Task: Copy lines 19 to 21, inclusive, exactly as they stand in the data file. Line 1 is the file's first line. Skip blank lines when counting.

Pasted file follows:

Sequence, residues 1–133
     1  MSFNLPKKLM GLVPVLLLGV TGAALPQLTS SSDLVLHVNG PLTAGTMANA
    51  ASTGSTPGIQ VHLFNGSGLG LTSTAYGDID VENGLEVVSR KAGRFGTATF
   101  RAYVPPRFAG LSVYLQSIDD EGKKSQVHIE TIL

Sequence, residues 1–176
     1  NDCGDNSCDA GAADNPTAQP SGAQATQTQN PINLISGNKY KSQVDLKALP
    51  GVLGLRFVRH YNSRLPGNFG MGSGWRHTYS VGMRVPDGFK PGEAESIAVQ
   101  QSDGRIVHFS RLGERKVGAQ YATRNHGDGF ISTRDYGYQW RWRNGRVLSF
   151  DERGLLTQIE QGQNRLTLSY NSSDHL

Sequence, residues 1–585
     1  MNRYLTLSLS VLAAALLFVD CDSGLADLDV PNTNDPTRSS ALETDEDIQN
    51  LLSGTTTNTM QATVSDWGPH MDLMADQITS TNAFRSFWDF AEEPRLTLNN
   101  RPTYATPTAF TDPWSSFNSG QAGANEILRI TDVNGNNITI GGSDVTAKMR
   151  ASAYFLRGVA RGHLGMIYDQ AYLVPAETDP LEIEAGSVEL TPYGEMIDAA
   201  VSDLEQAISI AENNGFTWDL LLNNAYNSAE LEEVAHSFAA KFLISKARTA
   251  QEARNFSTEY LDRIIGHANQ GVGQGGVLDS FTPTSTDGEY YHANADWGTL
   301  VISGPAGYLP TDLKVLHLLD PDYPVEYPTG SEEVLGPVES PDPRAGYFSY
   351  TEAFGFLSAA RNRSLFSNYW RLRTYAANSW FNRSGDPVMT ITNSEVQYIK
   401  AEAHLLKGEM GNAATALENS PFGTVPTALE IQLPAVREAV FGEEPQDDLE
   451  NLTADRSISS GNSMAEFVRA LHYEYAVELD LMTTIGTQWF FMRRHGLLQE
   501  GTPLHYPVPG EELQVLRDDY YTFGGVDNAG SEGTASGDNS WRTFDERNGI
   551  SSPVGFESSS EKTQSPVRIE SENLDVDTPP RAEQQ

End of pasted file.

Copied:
   401  AEAHLLKGEM GNAATALENS PFGTVPTALE IQLPAVREAV FGEEPQDDLE
   451  NLTADRSISS GNSMAEFVRA LHYEYAVELD LMTTIGTQWF FMRRHGLLQE
   501  GTPLHYPVPG EELQVLRDDY YTFGGVDNAG SEGTASGDNS WRTFDERNGI